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How To Grow Gorgeous Houseplants From Fruit & Veg Scraps You’d Normally Throw Away

While popular choices like aloe vera, spider plant, and golden porthos can be purchased inexpensively, do you know that you can grow handsome houseplants from produce you purchase from the grocery store? By using fruit and vegetable parts that are typically tossed away – seeds, pits, cuttings – you can cultivate visually-striking and unusual indoor plants, all for free. You’ll need an ample amount of patience for this project, but there is something so absolutely rewarding about nurturing a plant from dormant seed to thriving living organism.

Apple

Reaching a height of 25 feet outdoors, the apple tree can actually be grown in miniature in a container indoors or set out on a patio. While it’s best to source your seeds from a variety of apple that is grown locally or in similar climates, apples are “extreme heterozygotes” – their genetic makeup is combined randomly. This means that if you plant a seed from a Fuji apple, you might end up with a Gala tree. Keep in mind that apple trees are not self-pollinating, so your apple tree will likely never bear fruit.

  • When the apple is ripe, cut it in half and harvest the seeds at its core with a sharp knife. The seeds need to be dry, so place them, spread apart, on a paper towel out of direct sunlight for a day or two.
  • Apple seeds also require ‘after-ripening’, a period of dormancy in cool temperatures before they will germinate. Gather the seeds and place them in a sealable container, like a glass jar with a tight-fitting lid, and stow them in the refrigerator. Mark your calendar – they will need to stay put for 70 to 80 days.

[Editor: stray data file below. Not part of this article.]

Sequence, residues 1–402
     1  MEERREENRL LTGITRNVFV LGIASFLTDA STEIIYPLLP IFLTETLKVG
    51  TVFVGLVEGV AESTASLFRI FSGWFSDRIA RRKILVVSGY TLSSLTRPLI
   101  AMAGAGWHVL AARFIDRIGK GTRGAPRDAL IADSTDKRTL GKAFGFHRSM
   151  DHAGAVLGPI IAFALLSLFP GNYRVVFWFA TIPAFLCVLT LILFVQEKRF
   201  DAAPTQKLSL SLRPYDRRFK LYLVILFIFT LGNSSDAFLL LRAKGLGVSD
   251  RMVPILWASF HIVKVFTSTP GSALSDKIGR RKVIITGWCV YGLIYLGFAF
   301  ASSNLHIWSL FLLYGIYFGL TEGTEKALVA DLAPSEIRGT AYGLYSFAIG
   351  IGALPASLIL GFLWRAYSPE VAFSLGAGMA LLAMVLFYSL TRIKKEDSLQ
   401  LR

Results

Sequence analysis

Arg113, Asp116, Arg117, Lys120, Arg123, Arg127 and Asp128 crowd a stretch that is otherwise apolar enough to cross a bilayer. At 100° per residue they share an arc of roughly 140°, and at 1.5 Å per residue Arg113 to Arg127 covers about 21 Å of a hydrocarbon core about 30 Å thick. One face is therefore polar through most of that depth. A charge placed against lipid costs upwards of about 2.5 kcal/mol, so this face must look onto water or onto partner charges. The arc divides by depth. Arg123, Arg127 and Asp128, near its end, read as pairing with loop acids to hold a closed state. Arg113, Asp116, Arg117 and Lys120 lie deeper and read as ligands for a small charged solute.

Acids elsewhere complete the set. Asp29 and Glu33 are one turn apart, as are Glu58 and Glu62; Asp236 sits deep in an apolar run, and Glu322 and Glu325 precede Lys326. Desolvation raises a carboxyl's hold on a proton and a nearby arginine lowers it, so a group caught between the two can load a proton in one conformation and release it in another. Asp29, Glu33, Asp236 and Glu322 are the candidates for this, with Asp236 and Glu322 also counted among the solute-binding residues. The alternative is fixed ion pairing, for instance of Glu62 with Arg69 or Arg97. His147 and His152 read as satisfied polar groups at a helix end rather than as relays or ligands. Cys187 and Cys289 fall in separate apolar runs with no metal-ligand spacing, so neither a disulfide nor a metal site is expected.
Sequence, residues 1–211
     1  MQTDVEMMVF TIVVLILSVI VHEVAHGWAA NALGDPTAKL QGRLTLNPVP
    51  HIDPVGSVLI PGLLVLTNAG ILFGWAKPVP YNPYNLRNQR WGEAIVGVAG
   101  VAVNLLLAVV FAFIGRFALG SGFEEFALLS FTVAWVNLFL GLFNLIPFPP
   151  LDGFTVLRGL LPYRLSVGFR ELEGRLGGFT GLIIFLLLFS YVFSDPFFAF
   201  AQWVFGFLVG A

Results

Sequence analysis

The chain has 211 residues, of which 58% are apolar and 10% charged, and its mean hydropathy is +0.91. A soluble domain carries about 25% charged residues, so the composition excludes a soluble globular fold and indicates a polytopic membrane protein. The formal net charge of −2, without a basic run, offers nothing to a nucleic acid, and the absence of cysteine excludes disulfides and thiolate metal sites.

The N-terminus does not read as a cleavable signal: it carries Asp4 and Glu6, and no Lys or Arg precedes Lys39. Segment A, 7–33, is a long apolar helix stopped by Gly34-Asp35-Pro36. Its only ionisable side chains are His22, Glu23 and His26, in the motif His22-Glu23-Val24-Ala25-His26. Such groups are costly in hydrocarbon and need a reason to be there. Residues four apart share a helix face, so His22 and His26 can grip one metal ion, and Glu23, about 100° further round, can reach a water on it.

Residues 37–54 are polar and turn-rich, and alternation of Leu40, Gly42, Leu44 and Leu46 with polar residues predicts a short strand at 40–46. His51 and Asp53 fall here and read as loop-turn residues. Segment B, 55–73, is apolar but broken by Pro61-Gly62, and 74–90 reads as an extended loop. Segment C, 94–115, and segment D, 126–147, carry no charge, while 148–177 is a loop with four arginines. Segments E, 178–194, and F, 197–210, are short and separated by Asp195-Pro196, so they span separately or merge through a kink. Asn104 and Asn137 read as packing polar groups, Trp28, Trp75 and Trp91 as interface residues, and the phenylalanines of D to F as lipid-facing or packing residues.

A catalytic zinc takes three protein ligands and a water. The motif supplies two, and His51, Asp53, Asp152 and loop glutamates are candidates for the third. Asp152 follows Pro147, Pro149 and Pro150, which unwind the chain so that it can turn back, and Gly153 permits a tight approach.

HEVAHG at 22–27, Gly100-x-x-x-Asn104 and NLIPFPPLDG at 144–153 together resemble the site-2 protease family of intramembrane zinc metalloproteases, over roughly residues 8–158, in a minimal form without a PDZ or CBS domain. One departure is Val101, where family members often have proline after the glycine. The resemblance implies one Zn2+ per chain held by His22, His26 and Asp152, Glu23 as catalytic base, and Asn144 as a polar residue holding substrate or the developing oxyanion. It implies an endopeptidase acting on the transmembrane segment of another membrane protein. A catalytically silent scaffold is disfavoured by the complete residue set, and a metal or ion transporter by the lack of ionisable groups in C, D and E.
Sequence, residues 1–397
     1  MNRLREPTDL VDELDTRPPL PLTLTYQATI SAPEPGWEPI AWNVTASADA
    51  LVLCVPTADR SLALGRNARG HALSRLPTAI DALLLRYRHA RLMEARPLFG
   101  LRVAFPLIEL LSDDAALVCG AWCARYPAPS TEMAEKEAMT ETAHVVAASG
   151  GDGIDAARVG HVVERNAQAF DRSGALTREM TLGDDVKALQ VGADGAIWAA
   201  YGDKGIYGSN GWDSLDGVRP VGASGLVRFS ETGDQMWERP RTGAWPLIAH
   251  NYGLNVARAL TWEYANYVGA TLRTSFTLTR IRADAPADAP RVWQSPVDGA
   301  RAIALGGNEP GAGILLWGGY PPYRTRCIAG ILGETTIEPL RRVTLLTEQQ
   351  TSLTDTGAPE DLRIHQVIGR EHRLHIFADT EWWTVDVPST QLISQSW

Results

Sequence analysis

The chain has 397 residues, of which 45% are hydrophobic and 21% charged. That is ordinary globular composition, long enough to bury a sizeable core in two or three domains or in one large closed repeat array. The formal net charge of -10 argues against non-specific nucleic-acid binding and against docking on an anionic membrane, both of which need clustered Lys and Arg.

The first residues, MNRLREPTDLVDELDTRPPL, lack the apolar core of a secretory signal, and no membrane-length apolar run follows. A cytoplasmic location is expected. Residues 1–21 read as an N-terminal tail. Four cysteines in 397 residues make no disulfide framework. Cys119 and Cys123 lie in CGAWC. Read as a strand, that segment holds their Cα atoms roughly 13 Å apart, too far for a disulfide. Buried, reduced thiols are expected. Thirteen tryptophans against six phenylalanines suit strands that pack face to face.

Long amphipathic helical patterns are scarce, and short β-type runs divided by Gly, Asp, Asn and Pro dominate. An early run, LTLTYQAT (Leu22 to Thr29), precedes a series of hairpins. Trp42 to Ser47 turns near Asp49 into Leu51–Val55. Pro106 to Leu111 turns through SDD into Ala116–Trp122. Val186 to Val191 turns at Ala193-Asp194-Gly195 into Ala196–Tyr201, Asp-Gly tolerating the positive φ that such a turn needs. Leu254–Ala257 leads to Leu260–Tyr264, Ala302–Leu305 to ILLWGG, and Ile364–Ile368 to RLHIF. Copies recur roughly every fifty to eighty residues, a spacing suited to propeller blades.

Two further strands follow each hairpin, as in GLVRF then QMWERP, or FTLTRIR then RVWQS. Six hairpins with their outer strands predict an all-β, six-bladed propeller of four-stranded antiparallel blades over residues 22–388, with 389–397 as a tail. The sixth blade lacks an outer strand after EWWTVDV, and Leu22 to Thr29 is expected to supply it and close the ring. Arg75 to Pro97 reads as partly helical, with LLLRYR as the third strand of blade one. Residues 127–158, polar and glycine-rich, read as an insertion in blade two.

• After the chill period has passed, it’s finally time to germinate. Enfold the seeds in moistened peat moss or paper towels, put it back in the container and return it to the fridge. Once a week, check the progress of the seeds and remoisten the growing medium as needed.
  • When the seeds sprout taproots, which can take a month or more, it’s time to move them to sandy loam soil, roots facing down. A smaller pot will do for now but apple trees will eventually need a large container to grow in, a minimum of 18” – 22” in diameter with a volume of 11 to 16 gallons.
  • Place in a warm location that receives full sun. Apple trees are thirsty beings, so check the soil moisture at least twice a week and even more frequently during hot spells.

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